Old-fashioned biennials popular choice in the garden
Many of the popular and old-fashioned flowers we grow are neither annuals nor perennials. They are biennials, which are plants that require two growing seasons to complete their life cycle. It is confusing because some biennials are grown and treated as annuals and some are actually short-term perennials. In the first season, the plants germinate and produce a mound of foliage called a rosette, which is a circular cluster of leaves just above the ground. In the second season, the plants send up a flower stalk and after it flowers and produces seeds it dies. Some plants grow quickly enough that they can be sown in early spring and still bloom that year.
English daisies are short plants (6"-8") and make a good edging plant in full sun. They grow wild in England where there is cool soil and moist air. They do best here in the cool spring and don't bloom much after June .
One of the most well-known plants grown as a biennial is the pansy or viola. Actually, pansies are short-lived tender perennials with fibrous roots, but they are treated as biennials. In milder climates, they are planted in the fall to bloom in the spring. These cool weather, but sun loving plants stop blooming when night temperatures consistently rise above 60 degrees.
If you would like a dainty true blue flower to bloom at about 6 to 9 inches among your spring bulbs, the forget-me-not (Myosotis) is a great choice. It grows best in half-day sun and moist soil where it will eventually form a carpet if you plant it two years in a row and allow it to self-sow. Unwanted plants are very easy to pull out. The Chinese forget-me-not (Cynoglossom 'Firmament') is a rather coarse plant with bright blue flower racemes that grows to 18" in sunny locations.
Sweet William (Dianthus barbatus) is one of the oldest known garden flowers. There are many other Dianthus (Pinks), which are either annual or perennial, but Sweet William is a biennial. Full size varieties have several stalks growing 10 to 20 inches with rounded flower clusters of white, bright red or pink. Other varieties are dwarf, growing 6 to 9 inches tall with a spread up to 12 inches.
Iceland Poppy and Stock are two cool weather plants that are biennial. Iceland Poppy has 1-foot flower stems with dainty clear soft colors. Stocks are a very fragrant flower that is used often for cut flowers. It has spikes to two ½ feet with single or double flowers and soft grey foliage.
Foxglove (Digitalis) is a tall biennial that is one of gardenings old favorites even though on most varieties the bloom faces one side. They grow in partial sun to light shade and are not long-lived, but they do self-seed. The standard varieties are straight and stiff-stemmed, climbing to 4 or 5 feet. The variety 'Foxy' is shorter, at 3 feet. You may cut off the spent stems to get a second blooming.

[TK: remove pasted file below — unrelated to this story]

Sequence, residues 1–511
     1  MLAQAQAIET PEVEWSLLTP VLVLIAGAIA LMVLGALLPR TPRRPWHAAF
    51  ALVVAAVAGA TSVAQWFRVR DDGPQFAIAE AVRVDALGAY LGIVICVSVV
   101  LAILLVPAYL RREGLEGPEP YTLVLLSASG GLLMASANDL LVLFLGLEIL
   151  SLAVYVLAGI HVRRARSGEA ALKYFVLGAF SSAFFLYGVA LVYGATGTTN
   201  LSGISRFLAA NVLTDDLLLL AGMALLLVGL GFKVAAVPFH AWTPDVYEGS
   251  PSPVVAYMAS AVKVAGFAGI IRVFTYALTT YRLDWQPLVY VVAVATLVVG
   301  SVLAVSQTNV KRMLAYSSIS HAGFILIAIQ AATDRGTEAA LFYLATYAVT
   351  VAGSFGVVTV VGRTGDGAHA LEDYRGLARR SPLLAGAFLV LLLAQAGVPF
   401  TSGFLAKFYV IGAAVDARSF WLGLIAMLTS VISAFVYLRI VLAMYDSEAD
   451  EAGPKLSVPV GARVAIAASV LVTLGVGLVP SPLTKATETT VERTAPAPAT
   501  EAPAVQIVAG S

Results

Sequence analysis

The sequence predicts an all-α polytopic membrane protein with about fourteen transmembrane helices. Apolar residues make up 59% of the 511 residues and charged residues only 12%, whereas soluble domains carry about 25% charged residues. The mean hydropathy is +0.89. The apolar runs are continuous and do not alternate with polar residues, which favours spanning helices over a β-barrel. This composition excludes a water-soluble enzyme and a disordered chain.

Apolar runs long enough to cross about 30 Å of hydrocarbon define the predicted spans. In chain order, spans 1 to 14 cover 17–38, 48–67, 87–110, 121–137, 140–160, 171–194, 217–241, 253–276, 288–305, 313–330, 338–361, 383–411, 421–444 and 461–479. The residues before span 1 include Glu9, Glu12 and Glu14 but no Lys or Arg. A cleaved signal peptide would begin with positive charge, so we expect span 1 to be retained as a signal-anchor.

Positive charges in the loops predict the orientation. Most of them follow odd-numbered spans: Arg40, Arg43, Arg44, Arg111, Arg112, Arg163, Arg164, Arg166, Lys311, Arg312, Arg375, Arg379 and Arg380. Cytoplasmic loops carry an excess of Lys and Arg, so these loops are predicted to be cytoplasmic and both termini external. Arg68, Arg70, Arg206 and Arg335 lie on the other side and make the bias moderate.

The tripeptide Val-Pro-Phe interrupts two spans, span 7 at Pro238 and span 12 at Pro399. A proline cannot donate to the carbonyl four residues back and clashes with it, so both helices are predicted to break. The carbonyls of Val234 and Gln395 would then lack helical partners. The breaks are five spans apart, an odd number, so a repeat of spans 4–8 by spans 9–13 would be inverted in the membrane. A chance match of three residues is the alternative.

Canterbury bells (Campanula) is a truly beautiful and unique flower. It got its name because of the 2-inch long bells that resembled the bells rung by pilgrims on route to visit the tomb of Thomas A. Becket at Canterbury, England. Some have cup and saucer like flowers and others have double blooms. They grow from one to 4 feet tall in June in shades of blue, pink and white.
Most of our grandparents grew hollyhocks and the older varieties could reach up to 12 feet tall. Most varieties grown now are between 2 and 9 feet tall and bear 3- to 5-inch double or single blooms in white, pink, rose red, yellow or purple. Plant them two-feet or more apart to give them good air circulation to help prevent the rust that they are prone to-. They like full sun to part shade and should be sited at the back of a border or along fences and walls. They may need staking. These are not long-lived plants, but they do self-seed and the seedlings may be transplanted in the spring. Annual hollyhocks are also available.
If you want a bold pyramidal form at 3 to 6 feet tall, you might consider Verbascum. It blooms in early to late summer in predominantly yellow, red or purple with velvety textured foliage. It is drought resistant, but can become weedy with self-seeding.
Other biennials include Wallflowers (Cherianthus), Salvia sclarea (Clary Sage), Lavatera arborea (tree mallow), Malva sylvestris, Oenothera (evening primrose), and Silene (Catchfly).
If you buy plants or biennials at the nursery, you will have flowers the first season. If you plant seeds, it will take two seasons. Start the seeds of true biennials in cell packs in early summer and plant them out in a nursery bed in September. Mulch the rosettes after a hard frost. In early spring, plant the crowns at or just below the soil surface in their garden site and water until they are well established. You generally don't need to pinch the plants, but you may need to stake tall plants such as stocks and mallows. Most biennials have a short flowering season, more like perennials than annuals.